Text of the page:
The World Missionary Conference held 100 years ago in Edinburgh, Scotland, is today widely credited as the major catalyst of the modern ecumenical movement.
Scholars from nine Christian faith traditions who have been intensely involved in ecumenism will gather here next month to commemorate the Edinburgh conference and to examine and celebrate the ecumenical movement’s achievements over the past century.
The conference — “A Century of Ecumenism: What Has Been Achieved? What Are the Next Steps Forward?” — will be held June 17-19 on the campus of its sponsor, the St. Paul Seminary School of Divinity of the University of St. Thomas.
More information about the conference is available on the seminary’s Web site.
While the conference is designed primarily for scholars and those interested in the field of ecumenical dialogue, all are welcome. A public ecumenical prayer service will be held at 7:30 p.m. Thursday, June 17, in the Chapel of St. Thomas Aquinas that is located on the university’s St. Paul campus.
The conference chair is Monsignor John Radano, a scholar-in-residence at the seminary this semester and an international expert on ecumenism. Radano served in Vatican City from 1984 to 2008 as a member of the Pontifical Council for Promoting Christian Unity, and as head of its Western division he was involved in a number of international bilateral dialogues. He also was that council’s liaison with the World Council of Churches’ Commission on Faith and Order.
“In ecumenism, we start by knowing our own church first, engaging in dialogue and really listening to others about their church,” he said.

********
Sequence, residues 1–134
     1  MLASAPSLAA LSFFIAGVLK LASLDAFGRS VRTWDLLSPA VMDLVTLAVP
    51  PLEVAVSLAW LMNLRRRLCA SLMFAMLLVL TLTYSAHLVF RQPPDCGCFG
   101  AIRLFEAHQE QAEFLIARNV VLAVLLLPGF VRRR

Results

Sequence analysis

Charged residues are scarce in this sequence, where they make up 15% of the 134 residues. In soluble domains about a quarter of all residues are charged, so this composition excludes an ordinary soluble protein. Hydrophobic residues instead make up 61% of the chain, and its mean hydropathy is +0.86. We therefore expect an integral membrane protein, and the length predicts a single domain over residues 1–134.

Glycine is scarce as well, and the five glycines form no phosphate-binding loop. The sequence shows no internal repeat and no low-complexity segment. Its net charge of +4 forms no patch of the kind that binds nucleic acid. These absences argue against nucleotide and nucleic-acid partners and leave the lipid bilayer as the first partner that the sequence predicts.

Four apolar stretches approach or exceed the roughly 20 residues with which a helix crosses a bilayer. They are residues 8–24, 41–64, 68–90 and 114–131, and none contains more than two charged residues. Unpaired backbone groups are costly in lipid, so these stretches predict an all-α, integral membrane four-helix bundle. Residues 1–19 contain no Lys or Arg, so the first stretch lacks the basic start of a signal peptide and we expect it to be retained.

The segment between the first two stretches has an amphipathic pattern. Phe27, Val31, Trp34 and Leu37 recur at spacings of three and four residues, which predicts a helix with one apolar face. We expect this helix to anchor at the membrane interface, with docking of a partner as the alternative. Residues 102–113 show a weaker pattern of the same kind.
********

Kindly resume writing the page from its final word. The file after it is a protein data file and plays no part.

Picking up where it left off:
In the 2000-year history of Christianity conflicts emerged, especially in the fifth, 11th and 16th centuries. Some of those conflicts have divided Christians to this day. During the 20th century, and since the Second Vatican Council of the Roman Catholic Church, separated Christians began to take steps toward increased understanding and unity.
There have been formal discussions between two faith traditions, called bilateral dialogues, as well as discussions among several traditions, called multilateral dialogues.
The St. Paul conference will feature sessions dealing with the achievements of the World Council of Churches and the multilateral dialogues that have involved its Commission on Faith and Order. The conference also will feature 11 sessions dealing with the achievements of bilateral dialogues between the Roman Catholic Church and these traditions: Lutheran, Methodist, Eastern Orthodox, Oriental Orthodox, Anglican, Reformed, Pentecostal, Evangelical, Disciples of Christ, Mennonite and Baptist.
“The aim is to show how the dialogues have addressed the theological conflicts of the past, and the degree of success they have had in resolving these conflicts,” Radano said. “The broad scope of this conference, with evaluations of an extensive number of international dialogues, both bilateral and multilateral, in one program, is very unusual. It should be an interesting experience for all who attend.”
For more information about the conference, contact Dr. Deborah Savage at firstname.lastname@example.org or (651) 962-5061.